Chesapeake second grade teacher named Virginia Teacher of the Year
A second grade teacher from Chesapeake is the 2022 Virginia Teacher of the Year. Daphne Fulson from Portlock Primary School has 12 years of experience as a teacher. She studied Spanish Linguistics at Universidad Veritas in San José, Costa Rica. She spoke to WHRV’s Paul Bibeau about the honor, and the challenges teachers face today.
Paul Bibeau: Daphne Fulson, thank you so much for talking to us.
Daphne Fulson: Absolutely! It's a pleasure to be here.
PB: How did you find out you were teacher of the year and what was your initial reaction?
DF: The seven finalists and myself, we all travel to the governor's mansion in Richmond and Governor Northam, he went through and said amazing things about each of the finalists. And then he announced it on the podium and I just covered my face in complete shock and disbelief. It was amazing.
PB: What's the most challenging thing that teachers face during 2021 as we're progressing through this pandemic?
DF: So that is a loaded question. If you were not, if you didn't put the pandemic in the year 2021 in there, I would tell you that the hardest thing about teaching for me is knowing that I kind of relinquish how I impact the kids when they leave and get on the bus. I know I can love on them from the time they walk into my classroom and to the time that I put them on the bus and then I send them home and I'm like, "Oh, I hope somebody at home is loving on them like I'm loving on them and pouring into them like I do and and telling them that they can - like they get that affirmation at school." That scares me sometimes, and that is a challenge for me. But also our workload. Our workload is so heavy right now, and sometimes we have things that are put on our plate and then we have this expectation that we have to do it all flawlessly. And I don't think teachers are stopping to take care of themselves like we really should. Like simple things like eating. Did you drink some water today? Did you make it to the restroom today? Those little basic things I think are being forgotten because we have so much to do.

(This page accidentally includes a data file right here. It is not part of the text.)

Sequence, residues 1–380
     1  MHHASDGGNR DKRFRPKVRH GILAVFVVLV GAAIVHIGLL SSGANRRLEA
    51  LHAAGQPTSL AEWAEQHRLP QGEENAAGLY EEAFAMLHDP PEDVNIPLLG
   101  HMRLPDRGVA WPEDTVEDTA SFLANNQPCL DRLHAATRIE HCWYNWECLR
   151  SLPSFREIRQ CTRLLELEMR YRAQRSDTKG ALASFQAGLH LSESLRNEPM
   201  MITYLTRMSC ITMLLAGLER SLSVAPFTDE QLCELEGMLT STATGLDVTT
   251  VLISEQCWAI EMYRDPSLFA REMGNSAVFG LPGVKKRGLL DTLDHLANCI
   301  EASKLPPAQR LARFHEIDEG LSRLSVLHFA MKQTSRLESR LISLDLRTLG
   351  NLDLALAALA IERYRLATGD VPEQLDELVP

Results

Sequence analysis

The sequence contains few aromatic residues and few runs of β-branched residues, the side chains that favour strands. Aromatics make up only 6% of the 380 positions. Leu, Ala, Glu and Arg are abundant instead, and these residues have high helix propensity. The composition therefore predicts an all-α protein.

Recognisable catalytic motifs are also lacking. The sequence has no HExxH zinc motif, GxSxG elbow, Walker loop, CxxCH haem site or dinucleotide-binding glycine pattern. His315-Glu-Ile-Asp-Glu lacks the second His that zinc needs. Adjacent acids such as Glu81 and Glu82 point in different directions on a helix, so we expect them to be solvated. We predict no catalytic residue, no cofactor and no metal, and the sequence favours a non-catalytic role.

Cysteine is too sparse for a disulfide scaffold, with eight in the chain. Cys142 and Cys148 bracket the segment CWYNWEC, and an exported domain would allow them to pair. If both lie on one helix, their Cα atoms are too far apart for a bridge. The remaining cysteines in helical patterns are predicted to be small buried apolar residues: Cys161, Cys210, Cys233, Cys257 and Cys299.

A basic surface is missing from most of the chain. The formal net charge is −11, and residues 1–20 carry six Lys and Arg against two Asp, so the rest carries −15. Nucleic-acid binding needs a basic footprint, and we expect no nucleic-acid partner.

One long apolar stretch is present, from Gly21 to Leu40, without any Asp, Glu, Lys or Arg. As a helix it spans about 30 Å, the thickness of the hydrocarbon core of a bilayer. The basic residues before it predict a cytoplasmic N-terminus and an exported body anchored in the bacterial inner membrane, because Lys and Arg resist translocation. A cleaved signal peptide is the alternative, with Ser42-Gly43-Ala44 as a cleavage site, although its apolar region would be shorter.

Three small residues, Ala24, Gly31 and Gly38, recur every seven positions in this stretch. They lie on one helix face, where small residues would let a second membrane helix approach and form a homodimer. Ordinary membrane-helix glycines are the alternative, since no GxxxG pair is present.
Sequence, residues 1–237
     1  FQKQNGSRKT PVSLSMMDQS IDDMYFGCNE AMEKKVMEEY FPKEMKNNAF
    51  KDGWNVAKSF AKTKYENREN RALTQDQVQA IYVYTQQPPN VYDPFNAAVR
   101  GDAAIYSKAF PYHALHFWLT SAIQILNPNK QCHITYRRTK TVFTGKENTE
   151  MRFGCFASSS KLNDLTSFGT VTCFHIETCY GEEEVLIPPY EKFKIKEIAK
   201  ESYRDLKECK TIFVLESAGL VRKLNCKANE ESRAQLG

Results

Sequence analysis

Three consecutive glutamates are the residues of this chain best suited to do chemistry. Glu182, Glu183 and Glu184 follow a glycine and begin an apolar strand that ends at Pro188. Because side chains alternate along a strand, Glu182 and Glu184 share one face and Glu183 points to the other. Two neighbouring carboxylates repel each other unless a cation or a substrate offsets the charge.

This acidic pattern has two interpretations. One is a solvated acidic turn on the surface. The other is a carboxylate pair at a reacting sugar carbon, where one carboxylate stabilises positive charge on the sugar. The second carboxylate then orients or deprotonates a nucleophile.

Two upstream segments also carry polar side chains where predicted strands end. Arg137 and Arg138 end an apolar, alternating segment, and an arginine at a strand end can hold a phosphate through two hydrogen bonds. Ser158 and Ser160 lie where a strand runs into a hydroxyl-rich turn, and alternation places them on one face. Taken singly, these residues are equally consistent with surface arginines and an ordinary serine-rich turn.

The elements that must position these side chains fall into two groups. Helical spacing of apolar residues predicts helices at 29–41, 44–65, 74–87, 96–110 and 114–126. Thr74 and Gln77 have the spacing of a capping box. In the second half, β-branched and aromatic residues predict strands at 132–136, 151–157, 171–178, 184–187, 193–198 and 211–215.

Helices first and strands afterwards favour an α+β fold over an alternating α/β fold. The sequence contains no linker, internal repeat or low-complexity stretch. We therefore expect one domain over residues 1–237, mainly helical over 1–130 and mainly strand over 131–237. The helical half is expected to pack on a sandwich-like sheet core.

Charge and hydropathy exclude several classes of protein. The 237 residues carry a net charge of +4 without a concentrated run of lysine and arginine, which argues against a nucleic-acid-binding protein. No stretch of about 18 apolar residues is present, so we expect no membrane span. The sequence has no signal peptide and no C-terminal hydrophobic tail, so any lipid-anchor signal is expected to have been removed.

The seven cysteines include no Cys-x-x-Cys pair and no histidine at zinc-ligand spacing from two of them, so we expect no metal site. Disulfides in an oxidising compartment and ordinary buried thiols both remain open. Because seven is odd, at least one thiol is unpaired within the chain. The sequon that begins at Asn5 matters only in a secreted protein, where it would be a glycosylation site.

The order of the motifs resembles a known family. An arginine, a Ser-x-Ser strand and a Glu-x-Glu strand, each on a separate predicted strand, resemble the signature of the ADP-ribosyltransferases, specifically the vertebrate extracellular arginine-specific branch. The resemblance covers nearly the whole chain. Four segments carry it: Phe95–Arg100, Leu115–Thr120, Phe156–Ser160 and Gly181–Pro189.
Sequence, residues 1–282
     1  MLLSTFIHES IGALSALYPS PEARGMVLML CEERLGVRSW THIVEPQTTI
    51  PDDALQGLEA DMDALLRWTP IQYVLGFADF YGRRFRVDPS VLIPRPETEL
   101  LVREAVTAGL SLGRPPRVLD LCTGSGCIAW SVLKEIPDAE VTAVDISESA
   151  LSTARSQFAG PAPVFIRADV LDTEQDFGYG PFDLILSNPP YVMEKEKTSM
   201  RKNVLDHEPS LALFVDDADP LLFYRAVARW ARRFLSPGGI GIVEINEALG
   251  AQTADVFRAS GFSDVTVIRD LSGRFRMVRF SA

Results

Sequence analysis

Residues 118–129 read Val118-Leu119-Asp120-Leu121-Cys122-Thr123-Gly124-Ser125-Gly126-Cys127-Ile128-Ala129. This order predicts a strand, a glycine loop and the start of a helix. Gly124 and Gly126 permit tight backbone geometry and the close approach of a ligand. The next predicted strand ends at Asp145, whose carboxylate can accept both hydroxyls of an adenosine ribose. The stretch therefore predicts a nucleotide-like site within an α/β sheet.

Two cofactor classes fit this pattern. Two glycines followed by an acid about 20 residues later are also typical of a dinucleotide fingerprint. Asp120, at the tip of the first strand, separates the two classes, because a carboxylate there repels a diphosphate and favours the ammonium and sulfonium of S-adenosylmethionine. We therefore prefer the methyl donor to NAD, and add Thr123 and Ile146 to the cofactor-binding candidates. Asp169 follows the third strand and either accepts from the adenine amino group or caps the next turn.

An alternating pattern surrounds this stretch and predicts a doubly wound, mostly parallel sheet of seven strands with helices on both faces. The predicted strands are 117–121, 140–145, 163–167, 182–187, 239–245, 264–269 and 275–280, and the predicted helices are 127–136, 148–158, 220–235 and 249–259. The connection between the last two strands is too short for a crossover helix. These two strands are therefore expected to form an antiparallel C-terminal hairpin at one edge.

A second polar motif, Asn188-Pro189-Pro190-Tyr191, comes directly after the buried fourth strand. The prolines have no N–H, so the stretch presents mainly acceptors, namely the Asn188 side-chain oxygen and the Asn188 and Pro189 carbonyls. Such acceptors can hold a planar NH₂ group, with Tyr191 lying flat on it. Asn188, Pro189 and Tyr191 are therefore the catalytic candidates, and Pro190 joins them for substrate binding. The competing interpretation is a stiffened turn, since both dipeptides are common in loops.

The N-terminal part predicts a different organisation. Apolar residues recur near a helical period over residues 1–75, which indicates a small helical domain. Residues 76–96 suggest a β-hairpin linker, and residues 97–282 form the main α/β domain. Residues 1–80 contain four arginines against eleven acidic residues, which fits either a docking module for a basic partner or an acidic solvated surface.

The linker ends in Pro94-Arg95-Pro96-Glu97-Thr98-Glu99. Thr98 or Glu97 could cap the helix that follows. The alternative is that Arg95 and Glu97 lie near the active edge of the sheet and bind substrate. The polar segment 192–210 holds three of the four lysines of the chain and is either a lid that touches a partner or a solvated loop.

PB: What don't most people, people who aren't teachers, what do they not understand about the world of teaching?
DF: One of the biggest things that I always tell people is we don't get brains that walk into our classroom. Bodies with emotions and feelings and hearts walk into our classroom. They come in with schemas and previous experiences and trauma. And they come in maybe hungry. We don't just receive brains that come in ready to learn. We receive actual human beings that need to be taught and loved on holistically. And I don't think that a lot of people recognize that teachers are our friends or our sisters or moms or aunties. We're tias, we're tios, we're abuelitas. We're the whole family and counselors and we wear many, many hats. We're not just here to educate and teach to a test. We're making sure that our kiddos are ready to interact in society and be contributing citizens that go out and be productive knowing what they're fully capable of.
PB: What's your message to your fellow teachers out there?
DF: Do not give up. You are doing so great. Please stop and look at yourself in the mirror and affirm where you are. Affirm what you have done. And I encourage all educators right now to go back to when you got your degree and you got your certification. We all had to create our why. And although it changes as the years change, but we all had a why for why we wanted to be in the classroom. And we all know it wasn't the money! I'm going to be 100 percent. Nobody comes into this field to be rich. So I encourage all of the educators when it gets tough and you're crying and you're looking for a shoulder to lean on. And we've all been there to stop and think about your why and how much the kids need you and what's at stake if you leave the classroom right now.
PB: Daphne Fulson, thank you so much for talking to me.
DF: Absolutely. It was a pleasure.
Note: Chesapeake Public Schools is a member of Hampton Roads Educational Telecommunications Association which owns the license of WHRO.